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Songwriting, livestreaming allow Javier Mendoza to lend a helping hand during during pandemic

Songwriting, livestreaming allow Javier Mendoza to lend a helping hand during during pandemic


Javier Mendoza may live in Nashville, Tennessee, now, but St. Louis is still close to his heart. The singer-songwriter is more impressed with performance opportunities here, making his show this weekend as part of the Open Air Concert Series more exciting.

“In Nashville there are less protocols taken, and they don’t pay,” he says. “I play these little bars and restaurants (prior to the pandemic) that I look in now and see packed houses.”

Performing in Nashville, he says, means he’s “dealing with tips. They don’t pay that much in Nashville. It’s not my scene, though I’m not saying it’s a bad scene.”

When he was called about performing for the concert series, where shows are held under a heated tent at the Grandel, he jumped at the opportunity.

“Obviously I said yes — anything to get us out playing,” he says. “I love the setup, and it has the greatest energy.”

Mendoza, on vocals, acoustic guitar and electric guitar, will perform as Javier Mendoza aka Hobo Cane, with Jim Peters (guitar), Dennis Stringfield (drums) and Eric Grossman (bass).

The concert will celebrate the 20th anniversary of Mendoza’s album “Beautiful.” Peters was part of the act when the Javier Mendoza Band recorded the album.

Mendoza was equally enthusiastic about another St. Louis pandemic performance — last year at the Lot, a pop-up concert venue downtown that is expected to return this year.

“That was fantastic,” he says. “First of all, it felt really creative how it was set up. I loved the location. It felt very industrial. ... When you see there is care and thought into it, you are very encouraged.”

Mendoza also returned to St. Louis for his annual Christmas show, Javier Mendoza Presents Hobo Cane, at the Chapel.

Javier Mendoza a.k.a. Hobo Cane

Javier Mendoza aka Hobo Cane

Mendoza left St. Louis eight years ago, but the move wasn’t about advancing his music career.

“That’s the obvious thing — a lot of musicians do that,” he says. He and his wife moved to Nashville because of a job opportunity for her there.

“I had been doing so much in St. Louis, I thought for me it was a cool change of scenery, and I could get back into songwriting for others,” he says.

He’s been thriving, writing songs that are meaningful to him, such as “Respira.” The song — its title means “breathe” — came out around the same time as George Floyd’s death last summer in Minneapolis. But Mendoza says the song isn’t linked to that tragedy.

“During the pandemic, we’ve all been in isolation and confined,” he says. “The song is about taking a deep breath and being patient.”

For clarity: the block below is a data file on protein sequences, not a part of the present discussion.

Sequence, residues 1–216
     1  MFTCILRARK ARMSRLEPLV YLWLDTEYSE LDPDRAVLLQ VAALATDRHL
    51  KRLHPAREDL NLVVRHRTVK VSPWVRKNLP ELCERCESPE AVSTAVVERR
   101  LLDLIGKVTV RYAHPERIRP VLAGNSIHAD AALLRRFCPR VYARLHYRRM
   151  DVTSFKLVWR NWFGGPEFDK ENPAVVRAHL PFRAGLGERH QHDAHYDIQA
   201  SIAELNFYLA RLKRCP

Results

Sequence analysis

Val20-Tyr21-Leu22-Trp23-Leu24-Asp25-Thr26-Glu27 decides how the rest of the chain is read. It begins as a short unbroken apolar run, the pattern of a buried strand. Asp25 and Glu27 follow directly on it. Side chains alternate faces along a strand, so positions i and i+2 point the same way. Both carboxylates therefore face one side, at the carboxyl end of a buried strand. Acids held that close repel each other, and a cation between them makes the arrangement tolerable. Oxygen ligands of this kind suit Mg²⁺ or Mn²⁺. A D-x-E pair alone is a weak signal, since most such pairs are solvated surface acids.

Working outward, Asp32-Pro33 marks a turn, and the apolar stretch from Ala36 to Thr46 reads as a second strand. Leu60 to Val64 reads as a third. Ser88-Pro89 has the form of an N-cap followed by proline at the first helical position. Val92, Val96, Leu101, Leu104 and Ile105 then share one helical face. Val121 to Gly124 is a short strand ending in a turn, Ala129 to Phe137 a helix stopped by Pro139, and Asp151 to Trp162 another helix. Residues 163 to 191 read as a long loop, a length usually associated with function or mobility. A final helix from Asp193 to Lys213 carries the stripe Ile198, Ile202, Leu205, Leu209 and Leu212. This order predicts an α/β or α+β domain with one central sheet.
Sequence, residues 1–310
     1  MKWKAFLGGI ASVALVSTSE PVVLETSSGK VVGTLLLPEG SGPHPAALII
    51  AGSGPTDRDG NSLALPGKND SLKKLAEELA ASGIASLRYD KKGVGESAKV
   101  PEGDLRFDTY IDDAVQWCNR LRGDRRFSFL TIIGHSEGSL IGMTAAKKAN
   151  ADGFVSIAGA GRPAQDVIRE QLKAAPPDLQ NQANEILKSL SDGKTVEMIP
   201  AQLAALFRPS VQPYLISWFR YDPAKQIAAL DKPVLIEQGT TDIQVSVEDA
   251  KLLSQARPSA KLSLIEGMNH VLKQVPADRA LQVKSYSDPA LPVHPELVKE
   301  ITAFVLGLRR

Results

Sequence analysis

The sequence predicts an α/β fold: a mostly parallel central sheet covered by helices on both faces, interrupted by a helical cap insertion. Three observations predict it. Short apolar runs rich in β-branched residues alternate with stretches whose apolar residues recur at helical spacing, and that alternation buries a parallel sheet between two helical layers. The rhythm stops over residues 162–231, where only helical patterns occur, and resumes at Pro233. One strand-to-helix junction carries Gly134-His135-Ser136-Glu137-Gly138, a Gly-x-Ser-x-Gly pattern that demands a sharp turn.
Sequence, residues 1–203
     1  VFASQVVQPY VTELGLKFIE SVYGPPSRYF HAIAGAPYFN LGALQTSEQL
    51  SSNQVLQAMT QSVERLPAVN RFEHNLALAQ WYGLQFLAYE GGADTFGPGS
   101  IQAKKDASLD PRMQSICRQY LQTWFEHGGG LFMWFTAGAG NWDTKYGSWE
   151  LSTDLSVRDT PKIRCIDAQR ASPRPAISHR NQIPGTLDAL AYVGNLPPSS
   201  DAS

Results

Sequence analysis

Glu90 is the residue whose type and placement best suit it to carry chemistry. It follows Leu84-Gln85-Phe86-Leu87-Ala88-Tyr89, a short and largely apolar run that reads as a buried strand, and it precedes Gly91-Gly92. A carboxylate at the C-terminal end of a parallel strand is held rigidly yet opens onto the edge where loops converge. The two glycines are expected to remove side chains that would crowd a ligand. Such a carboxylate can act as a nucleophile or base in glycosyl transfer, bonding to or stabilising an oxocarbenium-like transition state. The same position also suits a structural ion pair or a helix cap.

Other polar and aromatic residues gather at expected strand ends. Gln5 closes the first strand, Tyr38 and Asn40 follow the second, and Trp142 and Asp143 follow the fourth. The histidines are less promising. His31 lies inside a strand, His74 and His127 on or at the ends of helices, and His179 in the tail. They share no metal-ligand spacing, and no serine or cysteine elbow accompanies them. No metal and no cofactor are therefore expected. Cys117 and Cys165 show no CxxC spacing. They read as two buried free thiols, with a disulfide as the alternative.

The instrumental “Respira” clocks in at more than 11 minutes and includes two dozen musicians, many from St. Louis. Mendoza positioned the song as a fundraiser for musicians struggling during the pandemic, and $9,000 was raised.

“I made a list of musicians I knew who were struggling and started sending money to them, and some of them were able to pay rent and get food,” he says.

“I wanted to help my musician friends I knew were struggling who didn’t have the support of a significant other or a side job,” he says. “I’m just a one-man show, but I felt I was able to do a little something.”

Mendoza, who isn’t playing gigs indoors, has also performed a number of livestream concerts as fundraisers, including a recent Valentine’s Day show.

He recently released “Maria Lucia,” a song he wrote with Ignacio Arocena, a rising singer from Chile. “Raices” (roots), which he says is his most autobiographical song ever, is coming in March.

“It’s about the feelings of a stranger in a different land, all of those struggles you go through to reach whatever it is you want to reach,” he says.

In 2019, Mendoza as Hobo Cane released the album “El Jardin,” produced by Matthew Odmark of Jars of Clay, and featuring the song “Away From You.”

Chris Carrabba of Dashboard Confessional and Mendoza wrote “En un Rincón” (in a corner) together for the album. They collaborated after meeting at a party.

“It’s my proudest moment,” he says of the album. “I did all the guitar work myself, and I’m really excited about it. The album speaks of love and the growth of love and unity.”

He started using the Hobo Cane name in Nashville to prevent people from limiting him as a Latin artist. Though he blends Spanish and English music, he prefers to be seen as a “power singer-songwriter.”

He was also getting mixed up with another Javier Mendoza.

To him, the word hobo refers more to “a transient migrant worker who goes from place to place and has stories to tell.” Cane is a variation of his mother’s maiden name.

Hobo Cane “has a singer-songwriter vibe to it, but with more energy,” Mendoza says. “It’s a reinvention — trying something different. You don’t know what’s going to happen.”

What Javier Mendoza aka Hobo Cane • When 6 and 8 p.m. Feb. 27 • WHERE The Grandel, 3610 Grandel Square • How much $10, food/beverage minimum required • More info

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